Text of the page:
Jordan Spieth shoots 63 for early lead at FedEx St. Jude

MEMPHIS, Tenn. — Jordan Spieth kept a clean card and clean pants even without having to roll them up to his calves on a rain-soaked track. On Thursday, he opened a one-shot lead in the FedEx St. Jude Championship with 7-under 63.

Spieth threw an eagle chip and hit a crucial par putt on the 17th to take his first 18-hole lead on the PGA Tour since the Sony Open in January. He missed the cut the next day in Honolulu. That won’t be possible at the TPC Southwind – the 70-player field has no cut.

The PGA Tour postseason got off to a sloppy start. Storms dropped 5cm of rain early in the morning, causing a delay of just over two hours and sending players off on both sides. The greens were soft but fast. The TPC Southwind was muddy and muddy.

It wasn’t the best day to wear white pants.

Tom Kim, who knows a little about mud, probably should have known better. He decided to roll up his pants to look like capris. He was level with Spieth for a short time until a late bogey sent him to a 64.

“I didn’t want to get dirty,” Kim said. “I just don’t like it. I had a really bad week once this year so I’m really trying to stay away from it.”

It was more of a bad day at Oak Hill for the PGA Championship. He went into a swampy area to look for his tee shot, slipped, and came out with his shirt and pants smeared with mud.

Kim is packing light for the three-week phase of the FedEx Cup Playoffs.

“I had to make sure I could use these pants for a really long time, so I had to make sure they stayed really clean,” he said.

Collin Morikawa had six birdies on a 65, joining Emiliano Grillo two strokes behind. That’s $6,000 towards Hawaii wildfire relief efforts, as Morikawa pledged $1,000 per birdie during the playoffs. Born in Lahaina, his grandparents once owned a restaurant on Front Street that closed many years ago.

Jon Rahm had dirty pants and a scorecard to match. As the No. 1 in the race for the $18 million FedEx Cup bonus, he was doing well until he shot his tee shot wide on the par 5 16th and had to save a bogey. He hit the water two holes later and almost found the water again on his third shot on the 18th. That was a double bogey.

His top nine – Rahm started 10th – wasn’t much better with three bogeys leading to a 73. He ended up bogeying with three putts.

Rahm played alongside the next two top seeds, Scottie Scheffler and Rory McIlroy, who both posted 67s. Scheffler had 2 overs too early and responded with six birdies on his last 12 holes.

“Obviously it’s frustrating when you see everyone making birdies and you’re down two overs after four or five holes,” said Scheffler. “It was frustrating but I persevered well and played really good golf afterwards.”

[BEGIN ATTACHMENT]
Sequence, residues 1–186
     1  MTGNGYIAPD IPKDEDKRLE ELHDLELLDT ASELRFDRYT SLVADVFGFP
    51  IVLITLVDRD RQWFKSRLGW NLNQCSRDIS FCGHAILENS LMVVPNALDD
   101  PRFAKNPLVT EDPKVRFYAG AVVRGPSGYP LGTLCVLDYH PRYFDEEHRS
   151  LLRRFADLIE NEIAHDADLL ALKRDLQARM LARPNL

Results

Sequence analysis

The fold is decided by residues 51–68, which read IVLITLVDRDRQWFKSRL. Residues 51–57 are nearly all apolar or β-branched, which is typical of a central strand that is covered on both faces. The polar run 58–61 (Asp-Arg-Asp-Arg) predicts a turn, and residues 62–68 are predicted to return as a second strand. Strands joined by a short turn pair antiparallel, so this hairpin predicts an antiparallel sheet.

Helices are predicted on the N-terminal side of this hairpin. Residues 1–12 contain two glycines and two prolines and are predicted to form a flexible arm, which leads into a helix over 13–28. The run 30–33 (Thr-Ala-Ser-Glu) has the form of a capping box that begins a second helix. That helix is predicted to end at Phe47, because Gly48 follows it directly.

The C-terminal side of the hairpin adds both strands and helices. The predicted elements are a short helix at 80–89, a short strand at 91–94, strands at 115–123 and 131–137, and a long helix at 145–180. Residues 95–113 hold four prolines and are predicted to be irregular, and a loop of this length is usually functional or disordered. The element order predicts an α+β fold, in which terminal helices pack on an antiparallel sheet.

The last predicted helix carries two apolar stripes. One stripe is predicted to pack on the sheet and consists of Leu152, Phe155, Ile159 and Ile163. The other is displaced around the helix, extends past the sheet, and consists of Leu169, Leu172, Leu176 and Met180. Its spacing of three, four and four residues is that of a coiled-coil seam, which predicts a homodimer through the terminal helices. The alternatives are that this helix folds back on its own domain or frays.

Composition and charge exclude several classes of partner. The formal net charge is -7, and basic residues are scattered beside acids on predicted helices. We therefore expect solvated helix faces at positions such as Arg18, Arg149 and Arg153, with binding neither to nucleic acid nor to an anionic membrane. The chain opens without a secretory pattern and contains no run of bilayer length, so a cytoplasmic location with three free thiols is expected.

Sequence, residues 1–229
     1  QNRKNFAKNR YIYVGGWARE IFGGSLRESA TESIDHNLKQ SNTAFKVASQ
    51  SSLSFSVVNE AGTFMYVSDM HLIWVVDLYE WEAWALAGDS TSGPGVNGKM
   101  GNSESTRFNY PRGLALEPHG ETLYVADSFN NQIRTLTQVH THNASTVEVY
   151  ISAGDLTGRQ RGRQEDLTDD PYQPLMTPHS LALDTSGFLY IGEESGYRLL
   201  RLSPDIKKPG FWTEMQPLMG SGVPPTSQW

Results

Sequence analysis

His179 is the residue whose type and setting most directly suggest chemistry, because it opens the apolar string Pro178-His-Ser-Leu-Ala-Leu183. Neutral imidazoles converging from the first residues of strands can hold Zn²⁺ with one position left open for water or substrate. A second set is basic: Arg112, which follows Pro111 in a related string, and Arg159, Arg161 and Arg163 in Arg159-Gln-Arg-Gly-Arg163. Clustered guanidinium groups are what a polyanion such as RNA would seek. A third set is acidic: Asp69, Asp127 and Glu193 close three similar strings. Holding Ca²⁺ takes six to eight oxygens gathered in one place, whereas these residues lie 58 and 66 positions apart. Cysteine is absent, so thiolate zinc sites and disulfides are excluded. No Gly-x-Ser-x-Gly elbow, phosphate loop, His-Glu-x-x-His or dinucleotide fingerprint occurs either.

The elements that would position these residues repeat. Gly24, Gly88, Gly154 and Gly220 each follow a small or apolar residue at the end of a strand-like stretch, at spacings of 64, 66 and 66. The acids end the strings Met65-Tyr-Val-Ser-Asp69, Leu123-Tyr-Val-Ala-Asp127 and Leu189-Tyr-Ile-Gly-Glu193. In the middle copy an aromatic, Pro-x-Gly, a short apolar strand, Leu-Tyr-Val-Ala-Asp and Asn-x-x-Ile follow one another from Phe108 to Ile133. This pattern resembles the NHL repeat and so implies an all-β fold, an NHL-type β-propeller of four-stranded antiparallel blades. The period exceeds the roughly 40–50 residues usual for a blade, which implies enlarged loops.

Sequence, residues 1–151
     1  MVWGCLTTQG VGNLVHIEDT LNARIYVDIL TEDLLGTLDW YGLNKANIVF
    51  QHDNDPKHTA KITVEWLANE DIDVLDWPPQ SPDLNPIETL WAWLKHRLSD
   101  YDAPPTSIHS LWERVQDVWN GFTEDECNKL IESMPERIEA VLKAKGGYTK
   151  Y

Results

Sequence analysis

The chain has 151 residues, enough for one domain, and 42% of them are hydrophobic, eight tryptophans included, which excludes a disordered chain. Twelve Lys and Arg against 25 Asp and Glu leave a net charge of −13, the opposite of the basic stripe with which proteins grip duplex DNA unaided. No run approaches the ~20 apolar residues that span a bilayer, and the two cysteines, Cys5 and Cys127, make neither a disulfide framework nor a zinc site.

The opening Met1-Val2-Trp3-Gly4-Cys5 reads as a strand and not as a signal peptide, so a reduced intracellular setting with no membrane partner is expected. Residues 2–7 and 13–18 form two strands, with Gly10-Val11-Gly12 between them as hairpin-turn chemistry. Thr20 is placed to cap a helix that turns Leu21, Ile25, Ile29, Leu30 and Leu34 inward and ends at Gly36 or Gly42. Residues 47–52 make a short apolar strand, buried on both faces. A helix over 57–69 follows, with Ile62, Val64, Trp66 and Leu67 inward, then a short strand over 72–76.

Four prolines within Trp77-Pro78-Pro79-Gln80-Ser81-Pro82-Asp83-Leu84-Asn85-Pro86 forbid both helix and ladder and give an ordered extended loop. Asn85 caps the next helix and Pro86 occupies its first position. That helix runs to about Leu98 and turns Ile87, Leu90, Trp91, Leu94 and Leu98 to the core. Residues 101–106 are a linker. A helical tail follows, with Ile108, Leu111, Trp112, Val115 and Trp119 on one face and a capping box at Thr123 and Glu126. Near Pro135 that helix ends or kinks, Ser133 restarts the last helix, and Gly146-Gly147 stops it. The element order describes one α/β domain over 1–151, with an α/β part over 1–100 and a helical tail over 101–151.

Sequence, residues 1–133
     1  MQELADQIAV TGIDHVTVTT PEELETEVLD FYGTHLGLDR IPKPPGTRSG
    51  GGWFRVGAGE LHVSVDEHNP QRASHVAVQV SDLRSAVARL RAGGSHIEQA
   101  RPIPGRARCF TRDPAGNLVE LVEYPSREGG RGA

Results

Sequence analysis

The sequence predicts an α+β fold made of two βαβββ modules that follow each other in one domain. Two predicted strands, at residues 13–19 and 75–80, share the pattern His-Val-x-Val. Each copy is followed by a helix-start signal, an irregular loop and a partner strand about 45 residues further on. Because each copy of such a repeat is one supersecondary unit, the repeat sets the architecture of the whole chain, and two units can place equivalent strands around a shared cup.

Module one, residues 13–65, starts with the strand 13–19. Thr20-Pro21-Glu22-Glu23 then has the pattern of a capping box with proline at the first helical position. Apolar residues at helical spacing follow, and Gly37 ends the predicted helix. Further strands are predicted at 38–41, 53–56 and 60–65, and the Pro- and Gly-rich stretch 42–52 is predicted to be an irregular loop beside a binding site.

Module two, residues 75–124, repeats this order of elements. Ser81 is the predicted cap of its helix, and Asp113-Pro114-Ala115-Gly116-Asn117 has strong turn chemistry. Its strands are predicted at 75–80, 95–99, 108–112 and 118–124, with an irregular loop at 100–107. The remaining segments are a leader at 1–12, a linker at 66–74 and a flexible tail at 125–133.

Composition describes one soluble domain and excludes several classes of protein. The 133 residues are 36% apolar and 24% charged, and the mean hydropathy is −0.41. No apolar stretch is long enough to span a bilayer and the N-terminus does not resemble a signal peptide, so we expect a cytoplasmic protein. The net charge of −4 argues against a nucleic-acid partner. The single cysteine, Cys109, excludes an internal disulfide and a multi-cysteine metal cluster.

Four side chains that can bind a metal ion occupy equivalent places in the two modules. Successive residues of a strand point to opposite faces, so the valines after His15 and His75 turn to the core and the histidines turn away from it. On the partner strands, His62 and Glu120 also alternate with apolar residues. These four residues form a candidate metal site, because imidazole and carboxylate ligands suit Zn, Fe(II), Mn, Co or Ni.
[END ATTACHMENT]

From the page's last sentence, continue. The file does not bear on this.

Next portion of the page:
McIlroy was disappointed he didn’t hit deeper off the tee, which was crucial on a day when players could lift their golf balls out of the short grass, clean them and put them back.

“I don’t know if I can remember a lap that I’ve done that well, at least recently,” said McIlroy. “I drove really well today and got so many looks from the fairway. When I went off the pitch I was a disappointment with 3 unders.”

Spieth was good from start to finish. He had three birdies in five holes, had a couple of important par-saving putts, and then saved his best for a chip-in for Eagle on the 16th.

“You try to attack the crucial holes where you get a wedge if you make a good drive,” said Spieth. “I hit the fairways on those holes and that was important. On the really hard holes you just have to try to get it on the surface and make par.”

Spieth sits 31st in the FedEx Cup and is guaranteed to be in the top 50 of the field of 70 who will be promoted to the BMW Championship next week. That secures players a seat in eight $20 million signature tournaments next year.

The ultimate goal is the top 30 to achieve the Tour Championship. So this will be an important week for Spieth to advance far enough in the overall standings.

Lucas Glover was ranked 112th before winning the Wyndham Championship last week and moved up to 49th. With that shot of confidence, he opened with a 66. Glover was never a fan of the FedEx Cup Playoffs or the scoring system. So he tries to keep it as simple as possible.

“I think if I take care of myself, I’ll make it,” he said. “That’s how I like it – it’s up to me. I’m not going to draw for or against the man in 50th place or 51st place or whatever. I feel like if I do my job I’ll be in Chicago next week.” I think that’s probably how it should be.

Emma Bowman

Emma Bowman is a USTimesPost U.S. News Reporter based in London. His focus is on U.S. politics and the environment. He has covered climate change extensively, as well as healthcare and crime. Emma Bowman joined USTimesPost in 2023 from the Daily Express and previously worked for Chemist and Druggist and the Jewish Chronicle. He is a graduate of Cambridge University. Languages: English. You can get in touch with me by emailing

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